Myakka River State Park near Sarasota is one of the oldest state parks, one of the biggest, and given what I experienced on an early March visit, it may have the most alligators.
It is a place of splendid abundance.
Whereas you are lucky to see a pair of pretty-in-pink roseate spoonbills in another park, at Myakka River State Park, kayakers can be treated to flocks of two dozen spoonbills, wading in a marsh next to wood storks and black-necked stilts.
Here are 10 reasons to visit Myakka River State Park:
- The Myakka River State Park canopy walkway takes you on a walk in the treetops.
- Adventurers can head out on 39 miles of hiking trails.
- There are excellent paved and unpaved biking trails.
- The wild and scenic Myakka River and adjoining lakes are outstanding for kayaking.
- Myakka River State Park offers a pontoon boat ride that is family friendly for those who can’t get in and out of kayaks.
- Given you need plenty of time to see it all, you can stay in one of 80 shaded camping sites under a canopy of trees.
- Myakka River State Park features some of the most historic and unusual cabins in the state park system — five rustic log cabins built by the Civilian Conservation Corps in the 1930s.
- Myakka River State Park has some of the best birding around. At the Birdwalk, a boardwalk extending into Upper Myakka Lake, friendly expert birders man this spot on winter mornings, locating birds in their scopes and helping visitors identify them.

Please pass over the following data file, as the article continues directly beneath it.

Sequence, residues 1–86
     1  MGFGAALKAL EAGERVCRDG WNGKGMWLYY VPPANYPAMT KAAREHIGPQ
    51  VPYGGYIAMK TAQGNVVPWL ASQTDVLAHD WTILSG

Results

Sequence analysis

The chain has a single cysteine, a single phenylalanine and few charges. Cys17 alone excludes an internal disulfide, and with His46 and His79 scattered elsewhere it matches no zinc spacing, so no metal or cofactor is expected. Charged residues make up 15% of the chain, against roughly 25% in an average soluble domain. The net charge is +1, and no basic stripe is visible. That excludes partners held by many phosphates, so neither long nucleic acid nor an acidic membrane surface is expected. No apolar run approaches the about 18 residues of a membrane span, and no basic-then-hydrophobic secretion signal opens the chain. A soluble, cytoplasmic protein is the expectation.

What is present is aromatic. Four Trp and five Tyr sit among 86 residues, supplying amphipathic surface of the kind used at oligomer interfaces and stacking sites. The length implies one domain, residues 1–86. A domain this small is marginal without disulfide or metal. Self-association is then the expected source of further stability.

- History buffs will enjoy hiking to the site of buildings that were part of the ranch operated here by Chicago hotelier Bertha Palmer in the early 20th Century.
- The Pink Gator cafe, operated by a concessionaire, makes a great lunch time stop, with sandwiches, craft beers and free wifi.
At 37,000 acres, Myakka is one of Florida’s most complete outdoor experiences, centrally located so that it draws visitors from Miami, Orlando, Tampa and snowbirds from throughout the United States.
The main road through Myakka River State Park
While Myakka is popular with backwoods backpackers, visitors from kiddies to Grandma can enjoy this park without hiking or kayaking. The road through the park is seven miles long, and there are several great places to get out, enjoy the wildlife and scenery and take a short walk.
The park road makes an excellent bike trail, however, and I highly recommend parking at the south (or north end) and experiencing the park by bike the first time through.
By bike, you enjoy the 360-degree view of the spectacular tree canopy over the road and the constant sounds of birds. On our bikes, we heard a flock of whistling ducks before we saw them and the distinctive voice of sandhill cranes that never came into view. In a car, we might have missed that.